Venezuelan President Nicolas Maduro and other top officials were indicted by the U.S. government on Thursday on allegations of "narco-terrorism," the latest escalation in the Trump administration's pressure campaign against the socialist dictator.

United States Attorney General William Barr gave details of the drug trafficking charges at a Thursday morning news conference where he also revealed a $15 million reward for information that would lead to Maduro's arrest or conviction.

Maduro, who has been in power since 2013, is also charged with weapons offences, for which a mandatory penalty is at least 50 years.

Barr has revealed the charges against Maduro, who is already under U.S. sanctions and was the focus of a U.S. campaign to drive him out of office.

The US accused Maduro and his associates of conspiring with a dissident faction of the left-wing Colombian rebel group FARC to flood the United States with cocaine.

In a statement, US Secretary of State Mike Pompeo said while occupying key positions in the Maduro regime, these individuals breached public confidence by facilitating drug shipments from Venezuela, including control of aircraft departing from Venezuela's air base, as well as control of drug routes thru ports in the country.  

Other Maduro supporters, including Vice President Diosdado Cabello, also have a $10 million bounty for their arrest by the State Department.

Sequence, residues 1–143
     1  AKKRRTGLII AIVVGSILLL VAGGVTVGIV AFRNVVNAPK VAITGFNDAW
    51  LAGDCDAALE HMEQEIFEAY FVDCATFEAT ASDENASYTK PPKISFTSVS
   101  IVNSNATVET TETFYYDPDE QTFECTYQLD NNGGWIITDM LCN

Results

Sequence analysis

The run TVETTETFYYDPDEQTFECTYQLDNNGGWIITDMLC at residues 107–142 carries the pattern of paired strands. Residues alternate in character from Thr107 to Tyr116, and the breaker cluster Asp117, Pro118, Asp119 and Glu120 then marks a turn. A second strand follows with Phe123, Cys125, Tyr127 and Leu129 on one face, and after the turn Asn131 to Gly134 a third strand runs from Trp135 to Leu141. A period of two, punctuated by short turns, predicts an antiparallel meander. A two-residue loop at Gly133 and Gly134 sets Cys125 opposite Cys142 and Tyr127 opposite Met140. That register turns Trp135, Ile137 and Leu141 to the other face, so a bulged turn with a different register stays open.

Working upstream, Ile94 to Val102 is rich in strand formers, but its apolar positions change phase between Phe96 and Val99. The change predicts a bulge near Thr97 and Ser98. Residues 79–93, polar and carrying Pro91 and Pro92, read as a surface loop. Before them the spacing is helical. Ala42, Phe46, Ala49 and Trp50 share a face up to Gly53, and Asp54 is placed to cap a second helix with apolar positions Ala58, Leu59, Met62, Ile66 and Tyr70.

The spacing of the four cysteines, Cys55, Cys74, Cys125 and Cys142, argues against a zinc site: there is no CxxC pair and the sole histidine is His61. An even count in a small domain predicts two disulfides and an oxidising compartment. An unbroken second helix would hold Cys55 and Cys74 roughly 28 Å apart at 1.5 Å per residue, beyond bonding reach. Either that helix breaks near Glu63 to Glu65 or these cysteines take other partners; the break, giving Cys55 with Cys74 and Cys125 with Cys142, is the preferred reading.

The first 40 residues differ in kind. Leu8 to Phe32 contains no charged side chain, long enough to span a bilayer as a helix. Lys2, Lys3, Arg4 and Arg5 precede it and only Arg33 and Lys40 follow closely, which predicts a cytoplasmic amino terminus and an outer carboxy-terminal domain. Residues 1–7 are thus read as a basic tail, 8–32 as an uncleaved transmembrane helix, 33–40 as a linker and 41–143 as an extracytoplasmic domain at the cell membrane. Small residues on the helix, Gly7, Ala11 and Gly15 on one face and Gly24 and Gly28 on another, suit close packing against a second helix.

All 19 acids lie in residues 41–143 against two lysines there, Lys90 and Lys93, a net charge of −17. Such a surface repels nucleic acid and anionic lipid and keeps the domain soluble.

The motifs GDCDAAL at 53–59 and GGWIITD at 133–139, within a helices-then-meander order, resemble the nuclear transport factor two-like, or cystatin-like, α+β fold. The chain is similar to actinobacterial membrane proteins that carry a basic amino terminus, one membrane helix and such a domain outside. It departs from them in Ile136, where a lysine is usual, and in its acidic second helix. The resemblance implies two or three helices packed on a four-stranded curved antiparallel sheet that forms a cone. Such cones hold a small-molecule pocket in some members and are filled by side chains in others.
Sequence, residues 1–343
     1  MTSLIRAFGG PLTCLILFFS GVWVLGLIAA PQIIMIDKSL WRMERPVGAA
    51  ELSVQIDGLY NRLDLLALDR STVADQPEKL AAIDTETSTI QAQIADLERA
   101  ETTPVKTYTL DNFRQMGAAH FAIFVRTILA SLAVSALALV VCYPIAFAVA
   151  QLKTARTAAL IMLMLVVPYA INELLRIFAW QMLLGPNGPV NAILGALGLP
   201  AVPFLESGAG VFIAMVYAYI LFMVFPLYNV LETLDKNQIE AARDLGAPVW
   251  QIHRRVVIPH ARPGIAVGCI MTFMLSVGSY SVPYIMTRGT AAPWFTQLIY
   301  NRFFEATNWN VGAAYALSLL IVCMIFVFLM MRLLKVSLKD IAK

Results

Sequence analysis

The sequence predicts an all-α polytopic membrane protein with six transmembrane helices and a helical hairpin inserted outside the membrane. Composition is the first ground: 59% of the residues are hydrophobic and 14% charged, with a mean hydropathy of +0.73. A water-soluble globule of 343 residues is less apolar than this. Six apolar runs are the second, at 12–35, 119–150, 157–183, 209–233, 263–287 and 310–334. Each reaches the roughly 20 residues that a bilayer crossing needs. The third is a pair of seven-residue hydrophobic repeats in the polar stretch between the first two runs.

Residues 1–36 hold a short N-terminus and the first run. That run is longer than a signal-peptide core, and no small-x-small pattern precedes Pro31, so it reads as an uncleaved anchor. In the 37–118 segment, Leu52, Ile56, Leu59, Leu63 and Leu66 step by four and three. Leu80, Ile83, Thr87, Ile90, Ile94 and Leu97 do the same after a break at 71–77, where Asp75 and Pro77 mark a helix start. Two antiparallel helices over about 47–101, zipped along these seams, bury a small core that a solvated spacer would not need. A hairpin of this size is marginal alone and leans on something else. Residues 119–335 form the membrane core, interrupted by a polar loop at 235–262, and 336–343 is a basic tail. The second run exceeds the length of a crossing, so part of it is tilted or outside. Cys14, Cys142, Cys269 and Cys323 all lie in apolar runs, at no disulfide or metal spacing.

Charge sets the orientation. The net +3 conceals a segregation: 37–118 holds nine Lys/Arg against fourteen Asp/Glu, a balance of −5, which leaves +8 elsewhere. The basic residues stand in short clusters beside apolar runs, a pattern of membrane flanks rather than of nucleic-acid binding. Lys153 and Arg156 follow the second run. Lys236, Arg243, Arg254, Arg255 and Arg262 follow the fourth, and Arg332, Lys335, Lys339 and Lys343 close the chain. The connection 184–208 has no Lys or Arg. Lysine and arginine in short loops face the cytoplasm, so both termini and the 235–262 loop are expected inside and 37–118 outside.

Venezuela's government leaders have long been accused of taking part in foreign drug trafficking to shore up the struggling country's economy. There were also separate complaints against the defense minister and the supreme court judge.

The indictment, an unprecedented U.S. move against a sitting foreign head of state, represents a significant escalation by Washington against the Venezuelan leader at a time when some U.S. officials have said privately that US President Donald Trump is increasingly dissatisfied with the outcomes of his strategy.

"We estimate that cocaine is exported from Venezuela somewhere between 200 and 250 metric tons. Those 250 metric tons equate to 30 million lethal doses," the Department of Justice said in its statement.

In 2019, Maduro's leadership was questioned after a widely condemned election that led to major nationwide protests. The US and a number of other countries have recognized Juan Guaido, the national assembly leader, as the legitimate leader of the country and have called for economic sanctions to try to force Maduro out of office.

The Maduro government is accused of human rights abuses including Venezuelan citizens being tortured, imprisoned and murdered.